29. The BOE maintains an official presence on the internet, which contains the following language of disclaimer: "The information found in the State Board of Equalization (BOE) web site is general and current as of the date the information was placed on the BOE web site. The applicable laws are complex and subject to change. If there is a conflict between the law and the information found in the BOE web site, any decisions will be based on the law and not the information found in the BOE web site."
The Court finds the "recapturing" method to be unconstitutional and violative of the Revenue and Taxation Code (RT hereafter) Section 51(a)(1)(D), and Article XIII A Section 2(b) of the California Constitution.
RT Section 51 (a)(1)(D) provides:
Taxable value of real property; inflation factor; damage, destruction, etc.; computation; annual reappraisal
(a) For purposes of subdivision (b) of Section 2 of Article XIII A of the California Constitution, for each lien date after the lien date in which the base year value is determined pursuant to Section 110.1, the taxable value of real property shall, except as otherwise provided in subdivision (b) or (c), be the lesser of:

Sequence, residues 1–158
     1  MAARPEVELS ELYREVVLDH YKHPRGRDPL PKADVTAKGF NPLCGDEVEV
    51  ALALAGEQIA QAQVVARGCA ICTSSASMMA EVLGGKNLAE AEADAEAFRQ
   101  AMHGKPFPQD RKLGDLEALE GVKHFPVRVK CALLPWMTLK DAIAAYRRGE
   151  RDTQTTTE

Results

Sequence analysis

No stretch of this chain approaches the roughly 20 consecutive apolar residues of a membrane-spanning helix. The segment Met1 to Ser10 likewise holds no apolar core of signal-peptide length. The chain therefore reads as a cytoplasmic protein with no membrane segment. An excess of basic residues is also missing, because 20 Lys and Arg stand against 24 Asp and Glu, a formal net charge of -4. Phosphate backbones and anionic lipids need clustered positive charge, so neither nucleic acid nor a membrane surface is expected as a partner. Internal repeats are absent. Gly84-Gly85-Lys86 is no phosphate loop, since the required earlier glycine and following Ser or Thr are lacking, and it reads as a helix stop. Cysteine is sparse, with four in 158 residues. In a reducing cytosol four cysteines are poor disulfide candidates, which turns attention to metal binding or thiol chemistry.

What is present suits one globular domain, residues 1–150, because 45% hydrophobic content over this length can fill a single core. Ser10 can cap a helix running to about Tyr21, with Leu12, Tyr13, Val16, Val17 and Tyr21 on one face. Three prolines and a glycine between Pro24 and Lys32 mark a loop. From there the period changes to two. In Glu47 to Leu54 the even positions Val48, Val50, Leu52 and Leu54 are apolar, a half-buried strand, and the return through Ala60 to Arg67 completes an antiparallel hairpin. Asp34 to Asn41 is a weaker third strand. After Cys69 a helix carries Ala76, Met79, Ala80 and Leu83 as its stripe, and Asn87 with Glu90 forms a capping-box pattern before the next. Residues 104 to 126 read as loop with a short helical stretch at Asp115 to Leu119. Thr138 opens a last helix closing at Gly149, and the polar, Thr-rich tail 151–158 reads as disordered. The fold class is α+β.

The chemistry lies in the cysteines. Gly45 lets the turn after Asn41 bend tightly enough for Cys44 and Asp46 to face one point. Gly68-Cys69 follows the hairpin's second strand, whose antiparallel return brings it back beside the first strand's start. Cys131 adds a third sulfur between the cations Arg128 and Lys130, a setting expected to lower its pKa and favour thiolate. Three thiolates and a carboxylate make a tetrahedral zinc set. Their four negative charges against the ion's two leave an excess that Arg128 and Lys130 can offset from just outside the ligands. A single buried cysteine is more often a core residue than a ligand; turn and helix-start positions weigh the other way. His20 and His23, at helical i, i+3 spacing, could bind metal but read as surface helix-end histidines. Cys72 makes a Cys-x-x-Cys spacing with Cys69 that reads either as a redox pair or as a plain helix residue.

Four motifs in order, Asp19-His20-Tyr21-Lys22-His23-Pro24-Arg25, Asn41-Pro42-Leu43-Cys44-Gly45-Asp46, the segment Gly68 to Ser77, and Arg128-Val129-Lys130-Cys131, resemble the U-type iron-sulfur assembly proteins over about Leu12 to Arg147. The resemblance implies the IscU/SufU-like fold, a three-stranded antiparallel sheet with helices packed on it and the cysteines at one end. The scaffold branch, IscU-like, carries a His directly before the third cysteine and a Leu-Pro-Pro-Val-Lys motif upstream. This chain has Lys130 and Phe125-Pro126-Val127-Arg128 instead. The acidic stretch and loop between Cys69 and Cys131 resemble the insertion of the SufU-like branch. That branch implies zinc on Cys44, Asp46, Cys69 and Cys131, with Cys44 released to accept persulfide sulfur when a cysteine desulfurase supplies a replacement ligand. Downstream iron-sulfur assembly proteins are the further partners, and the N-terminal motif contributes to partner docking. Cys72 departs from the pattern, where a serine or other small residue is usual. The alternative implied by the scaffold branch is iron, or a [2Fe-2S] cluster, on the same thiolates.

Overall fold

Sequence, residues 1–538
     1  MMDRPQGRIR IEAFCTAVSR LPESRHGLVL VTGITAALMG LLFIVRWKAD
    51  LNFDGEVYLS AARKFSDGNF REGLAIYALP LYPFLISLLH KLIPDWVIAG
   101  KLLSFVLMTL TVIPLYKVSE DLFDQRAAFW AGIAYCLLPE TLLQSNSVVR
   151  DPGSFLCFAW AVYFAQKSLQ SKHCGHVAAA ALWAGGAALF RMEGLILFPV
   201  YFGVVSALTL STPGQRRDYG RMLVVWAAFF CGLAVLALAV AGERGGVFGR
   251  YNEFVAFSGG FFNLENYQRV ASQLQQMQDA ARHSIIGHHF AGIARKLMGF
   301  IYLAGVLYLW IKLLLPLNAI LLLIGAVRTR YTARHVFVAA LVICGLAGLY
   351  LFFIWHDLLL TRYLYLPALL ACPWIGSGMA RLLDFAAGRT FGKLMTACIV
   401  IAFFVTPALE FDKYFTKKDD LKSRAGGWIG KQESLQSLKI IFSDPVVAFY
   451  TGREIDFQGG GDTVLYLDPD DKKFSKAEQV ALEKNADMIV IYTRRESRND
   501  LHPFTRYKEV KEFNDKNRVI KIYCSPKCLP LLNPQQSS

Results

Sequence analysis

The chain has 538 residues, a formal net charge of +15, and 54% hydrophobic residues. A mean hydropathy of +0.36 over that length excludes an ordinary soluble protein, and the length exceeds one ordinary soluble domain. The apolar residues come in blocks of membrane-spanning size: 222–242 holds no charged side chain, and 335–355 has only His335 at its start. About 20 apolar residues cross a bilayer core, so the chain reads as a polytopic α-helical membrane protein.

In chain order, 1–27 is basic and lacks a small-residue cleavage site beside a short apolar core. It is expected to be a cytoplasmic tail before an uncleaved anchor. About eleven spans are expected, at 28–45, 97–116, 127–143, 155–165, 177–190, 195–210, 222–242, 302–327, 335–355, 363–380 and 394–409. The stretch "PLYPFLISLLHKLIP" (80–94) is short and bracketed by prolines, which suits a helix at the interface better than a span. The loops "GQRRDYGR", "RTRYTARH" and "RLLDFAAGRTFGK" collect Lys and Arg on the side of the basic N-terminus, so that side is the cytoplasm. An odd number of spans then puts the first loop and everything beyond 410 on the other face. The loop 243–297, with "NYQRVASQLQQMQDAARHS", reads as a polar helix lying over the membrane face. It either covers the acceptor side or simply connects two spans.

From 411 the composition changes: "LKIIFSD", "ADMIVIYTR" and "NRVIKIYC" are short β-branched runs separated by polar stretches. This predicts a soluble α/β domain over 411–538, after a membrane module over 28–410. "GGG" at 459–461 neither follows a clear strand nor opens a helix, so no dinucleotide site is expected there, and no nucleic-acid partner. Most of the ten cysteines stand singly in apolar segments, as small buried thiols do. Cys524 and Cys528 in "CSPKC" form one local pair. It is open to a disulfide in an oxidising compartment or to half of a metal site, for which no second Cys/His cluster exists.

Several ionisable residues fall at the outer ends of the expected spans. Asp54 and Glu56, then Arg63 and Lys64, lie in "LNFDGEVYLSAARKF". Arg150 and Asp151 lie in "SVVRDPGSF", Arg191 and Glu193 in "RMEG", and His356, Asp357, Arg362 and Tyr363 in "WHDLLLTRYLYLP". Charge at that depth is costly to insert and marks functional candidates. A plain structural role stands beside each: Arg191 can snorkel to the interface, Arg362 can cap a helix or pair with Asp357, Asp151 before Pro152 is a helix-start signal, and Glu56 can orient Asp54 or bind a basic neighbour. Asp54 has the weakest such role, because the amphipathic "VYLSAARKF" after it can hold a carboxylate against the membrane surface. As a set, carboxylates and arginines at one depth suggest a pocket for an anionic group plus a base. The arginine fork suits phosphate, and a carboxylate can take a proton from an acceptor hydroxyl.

(1) Its base year value, compounded annually since the base year by an inflation factor, which shall be determined as follows:
(A) For any assessment year commencing prior to January 1, 1985, the inflation factor shall be the percentage change in the cost of living, as defined in Section 2212.
(D) In no event shall the percentage increase for any assessment year determined pursuant to subparagraph (A), (B), or (C) exceed 2 percent of the prior year’s value.
Article XIII A of the California Constitution Section 2(b) provides:
(b) The full cash value base may reflect from year to year the inflationary rate not to exceed 2 percent for ay given year or reduction as shown in the consumer price index or comparable data for the area under taxing jurisdiction, or may be reduced to reflect substantial damage, destruction or other factors causing a decline in value.